Starbucks: Am I “Cheating?”

I felt odd this morning for some reason when DJ called me and asked where I was, because I was at Starbucks. (I have made it a conscious effort to avoid American restaurant chains most of the time while in Shanghai, but the past two Sundays I have found myself camped out at Wujiaochang with a cappuccino and my MacBook.) I suppose I felt like I was “cheating” in some way, that I was bypassing the uniquely foreign experiences that are the reason for which I came abroad. But as I looked around the whole store, I saw only Chinese customers. This made me think about what it means for something to be “American,” and furthermore, whether or not I am in fact “cheating” by dining at these type of establishments.

Starbucks is unique in that it can be considered a higher-end restaurant chain, on a similar level as the Häagen-Daz restaurants in Shanghai. It’s clientele is primarily middle to upper-middle class people who have the disposable income to spend on high priced coffee, a luxury good with relatively elastic demand. Many of the people I saw in the store had iPhones, MacBooks, or other expensive electronic devices, providing further evidence of their healthy economic standing. This reminded me a great deal of the United States in terms of Starbuck’s typical demographic.

But the store was full of Chinese customers, and I was the only foreign person there. The menu had a wide selection of teas, and baked goods included red bean scones. Yet when I approached the counter the cashier greeted my in English and took my English order with a nod of her head (I didn’t exactly know how to translate “venti cafe mocha”). And on my cup she wrote “Sir,” so that when my drink was ready the worker said, “Here you go sir, please enjoy.” I felt like my hand was being held by the Starbucks employees in a way that was sterilizing any type of genuine interaction with the Chinese. This made me think a great deal about the concept of space. When I enter a Starbucks in Shanghai, I am in both an American and Chinese space. The company is, of course, and American-based entity. But the store itself also begs to assume the identity of the physical location and surrounding language. What I concluded was that it is the identity of the subject, in this case customer, that defines the space. If a Chinese person walks into Starbucks, he can consider that a Chinese space. But as soon as I walk in a Starbucks door, I feel like I am in a (predominately) culturally American space. And I think this phenomenon is completely intentional by the Starbucks corporation. In expanding to new markets, it is a significant challenge to strike the balance between adapting to foreign cultural practices while maintaining the fundamental elements of your products or services. Starbucks has done this in a way that, as I can see, has garnered massive success. I was able to got to their store and feel like I could have been in the middle of Manhattan, while I believe the Chinese people there thought of their experience as nothing more than getting some coffee at Wujiaochang.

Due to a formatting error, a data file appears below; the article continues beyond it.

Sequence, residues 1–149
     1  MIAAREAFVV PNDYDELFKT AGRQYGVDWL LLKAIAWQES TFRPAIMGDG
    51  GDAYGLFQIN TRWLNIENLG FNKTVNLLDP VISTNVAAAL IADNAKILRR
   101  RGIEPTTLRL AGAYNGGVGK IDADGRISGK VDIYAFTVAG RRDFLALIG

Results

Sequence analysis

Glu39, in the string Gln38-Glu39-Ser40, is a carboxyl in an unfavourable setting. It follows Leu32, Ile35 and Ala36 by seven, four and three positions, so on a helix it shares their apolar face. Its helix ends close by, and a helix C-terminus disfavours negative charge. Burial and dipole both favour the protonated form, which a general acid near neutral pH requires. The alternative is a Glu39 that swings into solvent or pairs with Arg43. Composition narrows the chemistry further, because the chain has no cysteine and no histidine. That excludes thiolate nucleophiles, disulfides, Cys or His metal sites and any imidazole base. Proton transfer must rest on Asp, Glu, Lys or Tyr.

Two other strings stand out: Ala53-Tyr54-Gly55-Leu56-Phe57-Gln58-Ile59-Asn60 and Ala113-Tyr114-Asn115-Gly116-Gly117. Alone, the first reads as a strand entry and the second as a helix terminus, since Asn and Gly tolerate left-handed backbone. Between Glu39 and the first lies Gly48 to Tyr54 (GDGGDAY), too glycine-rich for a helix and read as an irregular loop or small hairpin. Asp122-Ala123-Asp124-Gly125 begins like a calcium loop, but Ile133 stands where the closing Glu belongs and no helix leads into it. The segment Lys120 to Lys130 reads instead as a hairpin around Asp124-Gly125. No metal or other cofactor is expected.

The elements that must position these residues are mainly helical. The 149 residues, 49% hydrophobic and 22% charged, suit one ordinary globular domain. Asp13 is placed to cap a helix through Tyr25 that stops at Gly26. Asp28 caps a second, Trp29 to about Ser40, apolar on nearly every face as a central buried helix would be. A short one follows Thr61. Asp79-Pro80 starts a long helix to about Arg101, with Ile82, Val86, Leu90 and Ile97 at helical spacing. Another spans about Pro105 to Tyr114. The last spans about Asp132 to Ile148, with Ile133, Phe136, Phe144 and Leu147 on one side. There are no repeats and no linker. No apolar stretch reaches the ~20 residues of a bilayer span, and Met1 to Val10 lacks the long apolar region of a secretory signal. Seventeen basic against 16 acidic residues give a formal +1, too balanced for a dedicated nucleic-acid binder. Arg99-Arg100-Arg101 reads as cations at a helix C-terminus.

So am I cheating on the Chinese experience by going to Starbucks? Yes and no. Yes because the company was made in America and my intention is usually to use it as an easy, familiar alternative to traditional Chinese options. But no because, as I saw, a sizable portion of the Chinese populace is choosing to eat and drink there just as I am. But really, I should probably just stop going there in general. It’s 太贵了, anyway.